Making an ordered list of movies at the end of the year is a lot like playing a poker cash game. One’s perspective on particular movies relative to others ebbs and flows throughout the year depending on a slew of reasons that are both fair and unfair, and the only thing that really matters is where things stand when it’s all over. For example: I saw The Sessions twice. The first time I really liked it, and the second time I liked the performances more than the movie. I don’t know if it would have made this top ten list if I’d only watched it once, but it certainly would have been strongly considered. As it stands, it barely made the honorable mentions.

The following ten movies are the ones that have really stuck with me. They’re the ones that have gotten better with months or weeks of age and have separated themselves from the pack. Some of them will definitely be nominated for Best Picture at the Academy Awards and others will not even be considered. Some of them you’ll probably agree with, and some of them will probably make you laugh and doubt my credibility. That’s okay. I’ve worked and reworked these ten movies over and over again, and at least for the moment, I think this is the best possible reflection of my own taste in what 2012 had to offer at the theater.

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10) Life Of Pi
I’m not normally a huge fan of movies that cut back and forth between a character telling a story in the present and footage of the story itself in the past, but director Ang Lee’s Life Of Pi really gets all it can out of the format. Irrfan Khan’s adult Pi Patel has such a fascinating way with words and phrases that he’s actually a nice contrast to the visual marvel of the larger story. And oh what a visual marvel it is. From the animalistic and scary chaos of the sinking ship to the prolonged stand-off between young Pi and the Tiger, every single effect looks brilliant and every single camera angle is chosen with expert care.

Life Of Pi is one of the best-crafted movies of the year. How Lee was able to make a story largely about the tediousness of trying to survive at sea riveting is beyond me, but his well-balanced, engaging film is a testament to his own decision-making and the wonder of Yann Martel’s beloved book.
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9) 21 Jump Street
Channing Tatum proved he could be hilarious during his scene-stealing turn in The Dilemma, but carrying an entire film comedically requires a different level of talent. Turns out Tatum has an abundance of that, along with handsomeness and confidence. 21 Jump Street is the single funniest movie released in 2012. The chemistry between Tatum and Hill is a thing of beauty, and more importantly, the film trusts that its premises, witty lines and performances are enough. It maximizes the material without begging for laughs very often, and that forward progress allows directors Phil Lord and Chris Miller to get in as many fresh jokes as possible.

So many details about 21 Jump Street are just right. From one-strapping the backpack to the rules of coolness being rewritten in just a few short years, 21 Jump Street has a really astute eye, and at times, it’s willing to call itself out for, on paper, being a somewhat formulaic retread. Luckily for audiences, it’s actually so much more.
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8) Beasts Of The Southern Wild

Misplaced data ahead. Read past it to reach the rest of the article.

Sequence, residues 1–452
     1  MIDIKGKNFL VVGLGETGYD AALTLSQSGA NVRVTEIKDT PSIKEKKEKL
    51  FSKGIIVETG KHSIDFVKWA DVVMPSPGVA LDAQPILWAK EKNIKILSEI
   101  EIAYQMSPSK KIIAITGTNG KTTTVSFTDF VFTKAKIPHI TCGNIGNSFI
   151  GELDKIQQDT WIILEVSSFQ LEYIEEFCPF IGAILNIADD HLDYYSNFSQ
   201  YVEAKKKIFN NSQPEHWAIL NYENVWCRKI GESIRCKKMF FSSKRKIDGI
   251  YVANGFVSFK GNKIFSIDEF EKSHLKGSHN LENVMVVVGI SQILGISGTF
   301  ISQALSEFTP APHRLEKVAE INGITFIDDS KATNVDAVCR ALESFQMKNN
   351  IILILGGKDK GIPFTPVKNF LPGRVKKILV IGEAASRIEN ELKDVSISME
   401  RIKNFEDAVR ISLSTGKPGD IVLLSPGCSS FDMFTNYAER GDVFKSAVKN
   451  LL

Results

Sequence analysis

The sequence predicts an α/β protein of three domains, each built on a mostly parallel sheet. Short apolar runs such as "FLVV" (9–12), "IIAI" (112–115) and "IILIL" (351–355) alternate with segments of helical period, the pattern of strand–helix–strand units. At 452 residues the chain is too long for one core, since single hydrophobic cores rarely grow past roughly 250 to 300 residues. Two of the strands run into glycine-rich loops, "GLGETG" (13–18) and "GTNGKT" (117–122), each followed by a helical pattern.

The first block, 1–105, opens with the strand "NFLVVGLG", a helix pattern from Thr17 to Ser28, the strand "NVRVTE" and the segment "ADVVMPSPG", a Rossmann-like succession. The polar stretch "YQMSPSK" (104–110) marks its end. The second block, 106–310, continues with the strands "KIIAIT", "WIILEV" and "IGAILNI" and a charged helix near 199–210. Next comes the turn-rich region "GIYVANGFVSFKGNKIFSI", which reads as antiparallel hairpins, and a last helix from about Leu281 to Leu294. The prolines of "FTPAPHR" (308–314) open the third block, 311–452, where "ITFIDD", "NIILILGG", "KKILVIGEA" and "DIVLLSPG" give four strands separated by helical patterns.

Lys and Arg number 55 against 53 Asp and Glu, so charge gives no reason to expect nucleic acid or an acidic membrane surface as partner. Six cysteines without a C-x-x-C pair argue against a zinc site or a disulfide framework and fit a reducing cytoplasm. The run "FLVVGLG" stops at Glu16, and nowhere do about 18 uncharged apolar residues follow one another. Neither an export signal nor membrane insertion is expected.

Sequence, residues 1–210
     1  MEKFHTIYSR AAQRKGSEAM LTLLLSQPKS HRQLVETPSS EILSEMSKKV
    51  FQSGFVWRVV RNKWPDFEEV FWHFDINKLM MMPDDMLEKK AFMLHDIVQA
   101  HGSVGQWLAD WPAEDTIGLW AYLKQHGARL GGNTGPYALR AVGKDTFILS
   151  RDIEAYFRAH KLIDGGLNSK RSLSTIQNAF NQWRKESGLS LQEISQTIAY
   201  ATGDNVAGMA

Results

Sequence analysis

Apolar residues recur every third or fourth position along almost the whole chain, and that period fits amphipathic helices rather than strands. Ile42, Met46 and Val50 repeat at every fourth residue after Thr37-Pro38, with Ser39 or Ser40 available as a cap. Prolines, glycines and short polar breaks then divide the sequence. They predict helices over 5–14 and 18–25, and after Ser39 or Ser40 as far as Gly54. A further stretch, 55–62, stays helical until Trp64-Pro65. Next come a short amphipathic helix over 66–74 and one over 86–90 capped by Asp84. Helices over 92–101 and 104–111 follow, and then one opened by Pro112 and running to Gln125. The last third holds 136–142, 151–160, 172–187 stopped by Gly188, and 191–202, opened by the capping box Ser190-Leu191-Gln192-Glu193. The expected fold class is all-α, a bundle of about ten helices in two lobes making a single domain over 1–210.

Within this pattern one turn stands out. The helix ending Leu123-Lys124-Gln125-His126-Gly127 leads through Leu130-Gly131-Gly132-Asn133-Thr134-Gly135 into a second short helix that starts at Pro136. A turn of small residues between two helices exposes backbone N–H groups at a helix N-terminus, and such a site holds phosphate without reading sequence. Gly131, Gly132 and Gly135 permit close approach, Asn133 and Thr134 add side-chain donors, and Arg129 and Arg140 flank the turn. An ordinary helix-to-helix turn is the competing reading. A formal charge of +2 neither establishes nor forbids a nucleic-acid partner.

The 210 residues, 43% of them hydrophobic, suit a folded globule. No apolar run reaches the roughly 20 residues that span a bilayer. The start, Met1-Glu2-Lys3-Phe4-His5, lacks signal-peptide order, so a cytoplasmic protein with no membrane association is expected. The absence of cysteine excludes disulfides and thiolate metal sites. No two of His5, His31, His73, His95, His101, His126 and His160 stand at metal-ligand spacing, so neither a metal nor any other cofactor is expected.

Beasts Of The Southern Wild is a weird movie. Thanks to the collective nonsense of those living in the Bathtub, it’s often infuriating too, but at no point is it ever boring. It firecrackers forward with a crazy, slapdash momentum and somehow makes complete sense amidst all its eccentricities and hang-ups. It’s about growing up and confronting whatever is on your plate with a smile, and miraculously, it features two stunning performances by Louisiana locals who weren’t even actors.

Bakery owner Dwight Henry reportedly went into his audition alongside the already cast Quvenzhane Wallis with a giant box of sweets in order to win her affection. Whatever he did worked because the chemistry between the two is a thing of beauty. Even as tensions strain, the water rises and it all starts draining to hell, they never stop being a believable son and daughter, and the way they fight, make-up and never stop loving in their own ways is about as human as the Bathtub gets.
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7) Looper
There are a lot of people out there who are bothered by how the t’s cross and i’s dot when it comes to time travel in Looper. I really don’t care about any of that. Time travel rarely works logically because once it’s invented, things should constantly change to the point that no single path is every set in stone, and that ever-evolving mess is impossible to ever fully tame. Thus, the more important element in Looper to me is whether or not it’s a badass drama about an assassin trying to kill his own father and an older gentlemen mowing down children, and the answer to that question is a resounding yes.

With great performances by Joseph Gordon-Levitt, Bruce Willis, Emily Blunt, Jeff Daniels and newcomer Pierce Gagnon, Looper is able to present a fascinating web of conflicting perspectives and intentions without turning any one person into the “bad guy”. It’s a well-written, well-shot and clever movie, and Cid Harrington’s meltdown with Jesse remains the most fucked-up and awesome moment I saw at the movies all year.
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6) Pitch Perfect
Sometimes being one of the best movies of the year isn’t about starting with the loftiest subject matter or taking the biggest swing. Sometimes it’s about making the funniest, best damn movie possible given the material, and Pitch Perfect does exactly that. Like Mean Girls before it, the film delves into the hilarious, goofy and heartfelt world of women in their late teens and early twenties, and it manages to produce dozens of killer lines, plenty of big laughs and even some moments of genuine honesty.